As you know by now, my job requires that I do at 7 on 7 off schedule. So Mondays are my transition day. I either spend the day preparing for my first night of 7, or I come home from working night 7, catch a couple hours of sleep then propel myself into my week off. This past Monday morning when I arrived at home and checked the progress of Hurricane Irene, she was projected to make landfall somewhere along the Northern Coast of Florida. I was awakened 2 hours later by an alert on my smart phone announcing that the latest advisory from the National Hurricane Center projected Irene to come calling at Edisto Island, a mere 45 miles south of my home near Charleston. It was a surreal moment, did I really just see what I think I saw? After 4 summers of living hurricane free in Charleston, was I finally going to have to deal with one of the most feared of natural disasters for those who live along the coast of the Southeastern United States?
Well, as you know by now, The Land of Palm Trees was pretty much all but spared any measurable devastation, thank God. I had received countless phone calls, text messages, and facebook alerts urging us to be safe, wishing us luck and good fortune with Irene. And I certainly realize just how differently the scenario could have played out.
Once again, one of the primary reasons that I write From The Land of Palm Trees is that I love sharing our lifestyle with others in the hopes that it may inspire the person who may be suppressing their dreams out of the fear of the unknown, or the fear of failure, or the realization that in order to pursue a dream or desire one usually has to step out of their comfort zone, often entering unfamiliar territory and leaving the daily routines of their life behind. Sadly, many dreams simply never materialize out of the fear of trying. We talk ourselves out of chasing a dream, we accept what we know is really not what we want just because we are comfortable and can carry on just fine doing what we are doing. And with every one of our dreams that becomes smothered, a piece of our soul succumbs as well.
If you couldn't tell from reading this blog of mine, I love my new home in The Land of Palm Trees. It doesn't mean that I don't remember where I came from, it doesn't mean that I am not a proud son of West Virginia. It doesn't even mean that I love Charleston, South Carolina more than I love my home, in West Virginia. What it does mean is that, for me and my family, this is where our dreams could be realized. For lots of reasons, I knew that my wife and I, along with our sons could never achieve our dreams if we didn't have the courage to step outside of our comfort zone and try this. To not do it, we would have been accepting less than what we desired. Sadly, I know that many people never have the courage to take that step. And in not chasing their dreams they rationalize and come up with many reasons and excuses. Some may cite the fear of earthquakes for instance. Shortly after we moved to the Lowcountry, the Weather Channel featured our new home, Charleston in a show called It Could Happen Tomorrow, where they illustrated that Charleston is overdue for having a major earthquake. When some of my friends and family members heard about this fact, I heard from more than one of them, "Why would you move someplace that has earthquakes?" Well, millions of residents of the Middle Atlantic region of the US now understand that natural disasters don't always come with a warning before the shaking starts.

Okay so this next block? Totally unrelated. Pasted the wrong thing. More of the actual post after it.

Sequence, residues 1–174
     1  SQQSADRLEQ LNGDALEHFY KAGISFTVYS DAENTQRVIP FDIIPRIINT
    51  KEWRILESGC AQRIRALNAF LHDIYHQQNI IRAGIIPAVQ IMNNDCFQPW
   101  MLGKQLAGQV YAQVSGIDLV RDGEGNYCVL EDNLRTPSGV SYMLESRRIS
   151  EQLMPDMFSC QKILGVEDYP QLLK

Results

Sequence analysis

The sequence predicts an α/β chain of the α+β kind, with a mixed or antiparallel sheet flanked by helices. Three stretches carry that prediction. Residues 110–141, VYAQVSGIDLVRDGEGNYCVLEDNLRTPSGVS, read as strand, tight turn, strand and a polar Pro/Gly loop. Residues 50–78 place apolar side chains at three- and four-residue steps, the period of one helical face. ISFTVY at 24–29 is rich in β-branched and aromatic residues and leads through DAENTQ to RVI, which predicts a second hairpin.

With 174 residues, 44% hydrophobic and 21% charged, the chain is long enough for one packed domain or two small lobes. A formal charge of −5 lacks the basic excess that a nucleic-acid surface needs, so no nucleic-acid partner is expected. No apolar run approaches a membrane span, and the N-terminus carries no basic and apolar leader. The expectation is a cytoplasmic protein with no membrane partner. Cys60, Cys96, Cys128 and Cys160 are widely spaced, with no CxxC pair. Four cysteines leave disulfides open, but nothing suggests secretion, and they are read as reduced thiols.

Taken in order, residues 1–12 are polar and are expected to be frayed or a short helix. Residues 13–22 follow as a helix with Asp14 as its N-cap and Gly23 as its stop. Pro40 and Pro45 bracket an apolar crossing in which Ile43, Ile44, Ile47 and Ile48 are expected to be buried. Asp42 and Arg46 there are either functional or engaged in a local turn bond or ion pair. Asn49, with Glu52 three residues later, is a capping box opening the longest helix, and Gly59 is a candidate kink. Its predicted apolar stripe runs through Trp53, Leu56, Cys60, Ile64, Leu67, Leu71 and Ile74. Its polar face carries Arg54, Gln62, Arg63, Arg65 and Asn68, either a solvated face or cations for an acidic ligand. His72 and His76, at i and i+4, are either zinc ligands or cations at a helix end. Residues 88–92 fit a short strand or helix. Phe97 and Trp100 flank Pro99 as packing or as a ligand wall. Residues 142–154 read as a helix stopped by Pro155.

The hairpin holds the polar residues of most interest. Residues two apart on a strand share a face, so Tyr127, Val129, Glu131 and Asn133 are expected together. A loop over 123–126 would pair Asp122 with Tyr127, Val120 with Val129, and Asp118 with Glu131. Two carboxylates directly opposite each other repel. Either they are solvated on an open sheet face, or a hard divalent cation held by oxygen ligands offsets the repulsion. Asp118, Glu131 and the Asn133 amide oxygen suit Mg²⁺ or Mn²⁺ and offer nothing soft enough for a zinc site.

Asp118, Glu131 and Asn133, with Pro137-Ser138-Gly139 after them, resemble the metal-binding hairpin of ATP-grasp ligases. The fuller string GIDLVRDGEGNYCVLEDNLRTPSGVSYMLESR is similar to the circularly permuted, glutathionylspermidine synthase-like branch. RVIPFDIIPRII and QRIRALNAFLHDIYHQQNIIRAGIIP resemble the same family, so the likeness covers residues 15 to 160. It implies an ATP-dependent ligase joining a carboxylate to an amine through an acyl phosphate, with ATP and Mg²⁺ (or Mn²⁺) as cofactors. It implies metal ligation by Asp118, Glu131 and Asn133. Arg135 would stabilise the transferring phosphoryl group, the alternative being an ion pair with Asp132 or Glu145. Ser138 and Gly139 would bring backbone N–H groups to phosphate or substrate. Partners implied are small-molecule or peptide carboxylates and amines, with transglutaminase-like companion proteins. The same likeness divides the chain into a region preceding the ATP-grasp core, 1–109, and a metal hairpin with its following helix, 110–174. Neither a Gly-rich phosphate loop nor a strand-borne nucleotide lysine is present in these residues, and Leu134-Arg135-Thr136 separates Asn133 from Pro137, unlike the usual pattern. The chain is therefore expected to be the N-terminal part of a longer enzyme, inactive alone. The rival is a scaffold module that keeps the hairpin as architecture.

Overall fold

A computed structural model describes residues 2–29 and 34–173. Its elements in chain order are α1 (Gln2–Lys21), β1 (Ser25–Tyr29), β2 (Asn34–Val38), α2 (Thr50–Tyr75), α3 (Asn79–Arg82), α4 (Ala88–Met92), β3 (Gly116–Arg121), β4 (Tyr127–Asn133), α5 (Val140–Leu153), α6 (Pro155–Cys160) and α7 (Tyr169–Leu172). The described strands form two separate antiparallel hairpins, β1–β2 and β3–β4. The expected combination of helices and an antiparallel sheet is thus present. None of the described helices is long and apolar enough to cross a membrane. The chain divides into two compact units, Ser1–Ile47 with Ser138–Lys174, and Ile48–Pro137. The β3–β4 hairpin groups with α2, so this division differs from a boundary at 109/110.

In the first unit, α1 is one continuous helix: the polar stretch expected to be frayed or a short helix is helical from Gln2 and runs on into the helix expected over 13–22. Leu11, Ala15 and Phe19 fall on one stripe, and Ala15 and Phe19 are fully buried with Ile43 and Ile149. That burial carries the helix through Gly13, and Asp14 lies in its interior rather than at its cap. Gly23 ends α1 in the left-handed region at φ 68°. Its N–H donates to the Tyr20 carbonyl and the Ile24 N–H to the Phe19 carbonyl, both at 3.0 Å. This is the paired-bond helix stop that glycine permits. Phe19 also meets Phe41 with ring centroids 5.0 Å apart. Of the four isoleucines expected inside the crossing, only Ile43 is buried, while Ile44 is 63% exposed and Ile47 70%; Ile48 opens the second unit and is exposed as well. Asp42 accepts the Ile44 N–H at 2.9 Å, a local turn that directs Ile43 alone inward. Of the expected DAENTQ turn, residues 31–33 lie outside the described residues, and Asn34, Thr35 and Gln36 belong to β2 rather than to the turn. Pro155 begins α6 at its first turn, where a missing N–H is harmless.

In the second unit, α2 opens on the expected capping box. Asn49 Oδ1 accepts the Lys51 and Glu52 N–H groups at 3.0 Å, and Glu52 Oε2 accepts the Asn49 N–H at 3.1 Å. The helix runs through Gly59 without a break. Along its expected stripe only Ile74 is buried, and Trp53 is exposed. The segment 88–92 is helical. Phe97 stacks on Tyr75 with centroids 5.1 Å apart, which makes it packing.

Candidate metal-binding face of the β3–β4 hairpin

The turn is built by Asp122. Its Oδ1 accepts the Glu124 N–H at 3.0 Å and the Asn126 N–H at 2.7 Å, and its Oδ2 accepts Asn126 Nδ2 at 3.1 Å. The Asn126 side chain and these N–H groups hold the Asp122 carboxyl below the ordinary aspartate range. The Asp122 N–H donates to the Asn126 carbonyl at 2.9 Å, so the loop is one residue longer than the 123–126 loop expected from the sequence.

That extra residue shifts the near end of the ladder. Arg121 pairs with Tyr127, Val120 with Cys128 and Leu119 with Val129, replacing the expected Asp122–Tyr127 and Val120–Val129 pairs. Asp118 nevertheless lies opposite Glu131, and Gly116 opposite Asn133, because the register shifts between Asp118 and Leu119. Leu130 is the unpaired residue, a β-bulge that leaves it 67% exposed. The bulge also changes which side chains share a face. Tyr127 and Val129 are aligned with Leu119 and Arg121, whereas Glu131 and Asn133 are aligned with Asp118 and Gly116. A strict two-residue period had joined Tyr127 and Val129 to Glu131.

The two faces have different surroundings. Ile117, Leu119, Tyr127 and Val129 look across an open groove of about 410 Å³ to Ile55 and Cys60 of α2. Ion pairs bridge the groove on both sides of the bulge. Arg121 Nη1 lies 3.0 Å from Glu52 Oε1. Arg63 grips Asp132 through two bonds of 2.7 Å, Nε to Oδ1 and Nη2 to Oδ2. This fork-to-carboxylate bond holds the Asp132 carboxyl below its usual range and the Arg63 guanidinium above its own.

Earlier this week when a Lowcountry visit by Irene appeared imminent, I received a call from somebody whom I love very much, and she half-heartedly said, "how's that easy livin' working out for you today?" Once again, why would anybody want to live in a place where they are at risk for natures fury in the form of a hurricane? Tonite, as we realize how lucky we were that Irene passed us by, there are millions of Americans in the population centers of the Northeastern United States staring down the barrel waiting for a possible landfall from a hurricane. In just a matter of days ago many of those people had never considered their chances of experiencing a landfalling hurricane. I pray that they will be just as fortunate as we were in dealing with Irene.
This evening I saw one of the most beautiful natural scenes I have ever witnessed. It was nearly a spiritual experience for me, not just because of the beauty to my eyes, but the way that it warmed my heart to know that in the face of danger we had prepared and planned for the worst, prayed for the best and at that very moment I realized, we had been granted the best possible outcome. And as I gazed upon this wondrous sight, I am convinced that I have never witnessed anything quite like this before in my life. A beautiful red-sky sunset enhanced by the amazing contrast of a clear western sky merging with angry looking band clouds from a major hurricane as it was pulling away from our coastline. Up until that moment I had never been 150 miles from a major hurricane standing under a sky where the hurricane and the normally clear sky converge. The colorful breathtaking sunset that I was witnessing would not have been possible without Irene passing us by. Watching the cloud formations and the fading sunset, I felt very lucky to be right where I was at that moment. And I was reassured that I am living in an amazing place, experiencing amazing things and living a wonderful life that I would have missed out upon if I had allowed myself to settle for the comfortable surroundings of my former home, job and lifestyle. And in that, I hope that somebody will read this and have a realization that it is time for them to courageously follow their dream. So, goodnight Irene, please treat our friends to the North as good as you treated us, go on out to sea or at least calm your fury and be nice.